little more onion, a cupful of stewed
and strained tomatoes, a tablespoonfu!
of minced parsley, snlt and pepper and
bake in a hot oven for about half an
hour. Remove the meat to a hot plat
ter and strain over It the sauce from
Stewed Sheep's Tongue.
Three sheep's tongues, pepper, salt,
one sliced onion nnd lemon Juice. Boil
tho sheep's tongues till tender and re
move the skins; dredge thickly with
flour, pepper and salt. Put them into
a stewpan with one gill of stock, on
ion nnd a few drops of browning
and simmer gently for five minutes.
To serve, cut each tongue lengthwlse.
Placc on a hot dish. Bring tho gravy
to tho boll, season with pepper and
salt and add ten drops of lemon Juice
and pour over.
Cleaning the Teakettle.
To remove the deposit from the in
side of teakettles All the kettle with
water and add to it a dram of sal
ammoniac. Let it boll for an hour,
when the fur or petrified BUbstance
found on tho metal will be dissolved
nnd can be easily removed. Rinse the
kettle well, then boll out once or twice
before using the contents.
Eggs and Tomatoes.
Chooso large, smooth tomatoes. Cut
off top, but do not remove the skin.
Scoop out the inside and break into
each tomato an egg. Season, strew
with crumbs, put a bit of butter on top
of each ono and bake for eight or ten
minutes in a very hot oven. The pulp
may be stewed and used ns a gravy,
Eggs and Sausage.
For an appetizing little supper dish
cover the bottom of a baking dish
with stewed and strained tomatoes
and' over them drop poached eggs.
Put slices of cooked sausages or tiny
sausages in the spaces between the
eggs, bits of butter on tho eggs and
heat thoroughly in the oven.
Filler For Floor Cracks.
An easily made, cheap and satisfac
tory crack filler for floors can bo made
as follows: Dissolve one pound of or
dinary gluo in a pint of boiling water.
To this add enough fine sawdust to
make it of a consistency to spread
well. This is one of the best fillers Jo
use before varnishing floors.
Brass Curtain Rings.
An easy way to clean pins and rings
that have become black with use is to
put them into a bowl with hot water
and vinegar, two parts vinegar to one
of water. Let them stand for a few
hours and then rub on a coarse cloth,
and tboy will look like new.
Dates stuffed with walnuts and tlin
dipped in melted chocolato make a de
licious bonbon. Among a snucerful of
such dates have, for variety's sake, a
few that are stuffed with raislnsnnd
dipped also lu cholocate,
Miss Parvenu I wen nlmost sorry,
ma, that you spoke so nnlcly to that
poor little Mn, Willis.
Mamma Well, my dear, pray where
is tho satisfaction of being in the best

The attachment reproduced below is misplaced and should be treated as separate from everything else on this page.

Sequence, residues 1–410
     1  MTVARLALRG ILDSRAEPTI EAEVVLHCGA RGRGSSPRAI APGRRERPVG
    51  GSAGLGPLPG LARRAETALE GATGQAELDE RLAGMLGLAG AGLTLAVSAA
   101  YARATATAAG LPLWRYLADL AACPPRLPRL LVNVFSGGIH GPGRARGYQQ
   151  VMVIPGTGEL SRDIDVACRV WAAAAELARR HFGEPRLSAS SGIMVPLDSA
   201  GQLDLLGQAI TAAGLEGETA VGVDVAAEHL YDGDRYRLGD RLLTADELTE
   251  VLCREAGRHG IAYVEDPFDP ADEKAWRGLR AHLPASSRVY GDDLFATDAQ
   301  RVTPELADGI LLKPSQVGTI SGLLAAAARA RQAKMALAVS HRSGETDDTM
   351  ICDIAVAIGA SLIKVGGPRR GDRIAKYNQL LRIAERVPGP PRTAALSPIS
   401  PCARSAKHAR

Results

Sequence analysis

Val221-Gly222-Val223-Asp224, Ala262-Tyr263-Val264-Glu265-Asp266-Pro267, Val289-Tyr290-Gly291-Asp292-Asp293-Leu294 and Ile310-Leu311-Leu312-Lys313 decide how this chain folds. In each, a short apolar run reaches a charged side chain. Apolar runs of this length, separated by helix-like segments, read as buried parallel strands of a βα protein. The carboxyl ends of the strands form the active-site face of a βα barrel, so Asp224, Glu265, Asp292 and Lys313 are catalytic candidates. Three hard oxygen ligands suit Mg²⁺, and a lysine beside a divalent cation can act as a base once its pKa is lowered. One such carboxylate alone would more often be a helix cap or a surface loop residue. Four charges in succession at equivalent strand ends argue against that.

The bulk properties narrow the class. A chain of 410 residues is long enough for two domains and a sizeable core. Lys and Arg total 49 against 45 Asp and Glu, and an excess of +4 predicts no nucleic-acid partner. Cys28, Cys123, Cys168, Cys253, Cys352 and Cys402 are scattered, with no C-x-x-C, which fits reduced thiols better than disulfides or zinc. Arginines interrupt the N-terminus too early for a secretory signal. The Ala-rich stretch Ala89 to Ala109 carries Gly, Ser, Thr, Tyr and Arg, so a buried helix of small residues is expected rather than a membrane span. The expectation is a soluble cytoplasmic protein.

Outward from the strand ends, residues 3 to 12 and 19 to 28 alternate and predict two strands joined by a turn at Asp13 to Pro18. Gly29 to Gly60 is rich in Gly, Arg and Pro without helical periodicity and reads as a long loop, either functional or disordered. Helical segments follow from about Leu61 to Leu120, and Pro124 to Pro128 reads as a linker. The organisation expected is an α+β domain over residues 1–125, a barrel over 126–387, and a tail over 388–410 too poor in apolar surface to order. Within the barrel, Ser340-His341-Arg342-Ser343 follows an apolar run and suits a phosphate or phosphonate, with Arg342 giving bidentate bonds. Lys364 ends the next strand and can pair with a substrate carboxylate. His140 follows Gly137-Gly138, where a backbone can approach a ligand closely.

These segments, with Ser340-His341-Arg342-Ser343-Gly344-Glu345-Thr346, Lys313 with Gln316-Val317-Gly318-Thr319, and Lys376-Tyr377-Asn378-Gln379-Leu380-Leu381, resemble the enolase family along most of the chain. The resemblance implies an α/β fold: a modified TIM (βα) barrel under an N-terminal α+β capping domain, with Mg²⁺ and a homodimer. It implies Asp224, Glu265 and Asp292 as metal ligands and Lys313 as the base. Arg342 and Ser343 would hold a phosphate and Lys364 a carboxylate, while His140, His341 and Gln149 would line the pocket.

society If you ennnot snub thoso who
are out of it? Philadelphia Times.
Tu AttAA lfin Women. Toiinff A old,
f UlllllV;(Ufl Qdwkt te Idvet-lltlnr bettor
Potltd, Ititd or !Uthd Ton fin't )!? t ftllk.
The HERMAN AMERICAN TnEATMEHT,
s Stilttlr Hdtlilt Uumtolsfttlon ScJtcttd Comb! n id
i &OOU IUIirat Drtifi. to inlt eaeh A frj IndltUUU
Cai, H pnltlTclr tli Only Curb mo MhtUr baUoTtr
W. C. SPRY
HOLDS SALES ANYWHERE
"StlckleyBrnndt" Furniture Is
tho kind that serves you
longest and best.
For this handsome Library Tablo In the
Golden Quartered Oak, Polish finish, 30
Inches long, 84 Inches wide, beveled too
French stylo letrs, shaped undershelf
vrlde and deep drawer. Every detail of
construction strictly high-grade. Hand
somer In design, better In materlal.work
manshlp and tlnlsh than similar tables
that retail from 110.50 to $12.00
Carefully packed and shipped
freight charges prepaid$7.8S.
For 500 other style3 of dependable
Furniture at factory prices see our
new catalogue. Send for one.
BINGHAMTON, N. Y.
TiEGISTER'S NOTICE. Notice is
Xt hereby given that the accountants
herein named have settled their respective
accounts In tho olllce of the Itcglster of Wills
of Wayne County, Pa., and that the same will
be presented at the Orphans' Court of said
county for confirmation, at the Court House
In Honesdale, on the third .Monday of
June next viz:
First and partial account of C. M.
Betz, trustee and acting executor of
the estate of Nathan Jacobs, Hones
dale. First and final account of Charles
H. Truesdale, administrator of tho
estate of Adelaide A. Truesdale,
South Canaan township.
First and final account of M. J.
Hanlan, administrator of the estate
of Lewis Hansmann, Texas.
First and final account of Joseph
Wiehle, Sr., executor of the estate of
Ezeklel Wiehle, Hawley.
First and final account of Emma
H. Hoyle and Ezra Clemo, executors
of the estate of Elizabeth Clemo,
First and final account of Alexan
der Correll, executor of the estate of
William Correll, Lake.
First and final account of George
A. Clearwater, administrator Cum
Testamento Annexo De Bonis Non,